Shop our Big Takeover store for back issues, t-shirts & CDs
Follow The Big Takeover
Photo Credit: Whitney Lyons
There we were messing around with our favorite toys in our parent’s basements, and then here we are again years later sifting through those very same items packed away in boxes. This time, though, they’re just souvenirs from a bygone era stuffed in a storage container. Singer-songwriter Rose Gerber’s latest release, the four-song EP Memories Someday, out September 29th, is a mediation on moments like these. Within a framework of eclectic Americana musicality and poetic insightfulness, she unpacks the heartache of life’s impermanence. The EP’s leadoff single will be its jaunty and sweetly nostalgic title track.
“My songwriting is a tool to help me work through feelings, and things I can’t always talk about,” The Portland, Oregon-based artist shares. “There is a comfort in facing the heavy stuff head on because in doing so you can move forward. Life is fleeting; we better embrace what we have while we have it.”
Rose is an intrepid American roots explorer, incorporating country, folk, rock, alt-rock, and alt-country into a seamless signature aesthetic. As a writer she’s both sensitive and sassy, equally gifted penning Heartland rock n’ roll and heartbreaking balladry. Her songs are snapshots of everyday living that show the meaning in the seemingly mundane, and they also function as courageous self-talk. Rose’s vocals are elegantly emotive, and she has been favorably compared to Natalie Merchant, Gillian Welch, and Patty Griffin. Trademark to many of her songs is the high-lonesome whine of the pedal steel, showing that no matter how far outside of the box she colors, country music is still an artistic home. To date, Rose has released one full-length album, an EP, and a bevy of singles.
Her latest, Memories Someday, is a collection of musically expansive and lyrically immersive driving songs. At times, its four songs point toward 1970s Southern rock and 1970s country-tinged singer-songwriters, recalling artists such as Neil Young, The Band, and Lynyrd Skynyrd.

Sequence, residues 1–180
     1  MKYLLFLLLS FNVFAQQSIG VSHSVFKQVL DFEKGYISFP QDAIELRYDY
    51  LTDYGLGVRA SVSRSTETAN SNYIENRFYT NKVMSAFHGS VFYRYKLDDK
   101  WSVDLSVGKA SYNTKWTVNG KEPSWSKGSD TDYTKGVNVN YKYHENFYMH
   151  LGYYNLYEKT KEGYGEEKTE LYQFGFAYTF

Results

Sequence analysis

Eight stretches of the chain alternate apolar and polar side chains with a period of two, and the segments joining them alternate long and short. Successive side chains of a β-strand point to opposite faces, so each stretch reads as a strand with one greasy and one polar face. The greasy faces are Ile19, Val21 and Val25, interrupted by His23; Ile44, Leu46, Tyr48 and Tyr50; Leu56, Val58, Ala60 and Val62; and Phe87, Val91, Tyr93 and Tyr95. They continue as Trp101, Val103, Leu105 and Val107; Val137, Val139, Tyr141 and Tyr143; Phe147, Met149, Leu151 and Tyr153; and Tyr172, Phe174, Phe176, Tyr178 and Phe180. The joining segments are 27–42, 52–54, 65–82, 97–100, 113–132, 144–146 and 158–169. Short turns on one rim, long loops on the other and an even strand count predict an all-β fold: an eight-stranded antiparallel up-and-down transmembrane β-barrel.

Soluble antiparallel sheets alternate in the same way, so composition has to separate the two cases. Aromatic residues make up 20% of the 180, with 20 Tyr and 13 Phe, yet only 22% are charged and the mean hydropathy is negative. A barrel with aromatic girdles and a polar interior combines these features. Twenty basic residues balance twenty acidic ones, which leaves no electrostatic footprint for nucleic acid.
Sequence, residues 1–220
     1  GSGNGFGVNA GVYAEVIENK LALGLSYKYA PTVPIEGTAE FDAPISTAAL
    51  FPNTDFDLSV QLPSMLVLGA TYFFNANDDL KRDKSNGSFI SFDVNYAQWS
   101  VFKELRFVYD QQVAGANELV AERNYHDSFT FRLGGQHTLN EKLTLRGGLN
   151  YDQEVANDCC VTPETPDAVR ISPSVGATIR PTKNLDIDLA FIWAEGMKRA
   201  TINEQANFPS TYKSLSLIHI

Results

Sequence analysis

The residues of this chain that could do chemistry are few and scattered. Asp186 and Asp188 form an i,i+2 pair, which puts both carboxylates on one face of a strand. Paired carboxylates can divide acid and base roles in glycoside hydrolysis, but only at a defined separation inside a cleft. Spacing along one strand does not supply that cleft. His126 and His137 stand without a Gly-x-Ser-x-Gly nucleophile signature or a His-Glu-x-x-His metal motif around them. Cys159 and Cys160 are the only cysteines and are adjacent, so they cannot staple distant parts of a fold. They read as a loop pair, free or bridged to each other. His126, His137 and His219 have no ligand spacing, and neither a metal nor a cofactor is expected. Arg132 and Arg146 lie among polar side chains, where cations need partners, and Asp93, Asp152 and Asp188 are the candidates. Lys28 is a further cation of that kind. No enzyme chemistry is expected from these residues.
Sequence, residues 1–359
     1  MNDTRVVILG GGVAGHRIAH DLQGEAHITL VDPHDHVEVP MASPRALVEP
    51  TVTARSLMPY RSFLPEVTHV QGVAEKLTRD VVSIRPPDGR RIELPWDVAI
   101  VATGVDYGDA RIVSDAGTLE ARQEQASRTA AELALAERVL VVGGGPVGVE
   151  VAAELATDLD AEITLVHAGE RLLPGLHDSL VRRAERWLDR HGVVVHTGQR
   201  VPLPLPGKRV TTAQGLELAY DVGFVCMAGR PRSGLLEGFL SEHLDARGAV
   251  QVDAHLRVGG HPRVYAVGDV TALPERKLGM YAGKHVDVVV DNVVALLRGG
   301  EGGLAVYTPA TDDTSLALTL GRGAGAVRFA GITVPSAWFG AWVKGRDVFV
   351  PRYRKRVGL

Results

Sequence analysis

The EP opens with the banger,” Back to Living,” a rousing 1990s pop-rocker that commences powerfully with the sound of tom tom drums. The arrangement subtly evolves with airy synths, quick-strummed acoustic guitar, propulsive muted-melodic guitar parts, and Rose’s plaintively emotive vocals. The song is written about her younger half brother, and here Rose laments how they were never able to have a relationship. Her sadly beautiful opening lines are: In the fading golden light/Hug the river as you drive/Never fully could take flight/To make the great escape. “I was trying to imagine his perspective on his life, and his relationship with me and his struggle with depression,” Rose says.
The languorous, “Shake Loose,” is a breezy Americana song replete with teardrop pedal steel and sun-kissed harmony vocals. It’s a prayer in passing, asking the Universe for a little salvation from the depths of COVID isolation and numbness. Rose explores her personal cosmic Americana on “Weigh Station.” Rose’s vocals here have a sturdy gentleness embellished by touches of harmony singing as they navigate the melody’s starts and stops and flowing long tones. “Weigh Station” came from conversations with a friend who was having a mental crisis and not acknowledging that she needed help. In the chorus, Rose sings: Time to stop at the weigh station/Are you strong enough to carry that load?/Drove for miles without thinking/How long you really could go. “While I was writing it, I was thinking about how we all just grin and bear it when we are in pain. We think we don’t have the time or capacity to process or take a break from all the stress and trauma that comes our way in life,” Rose says. On the imaginatively-arranged EP title track, Rose metaphorically explores her vivid dreams within a reflective country-rock setting.
More in news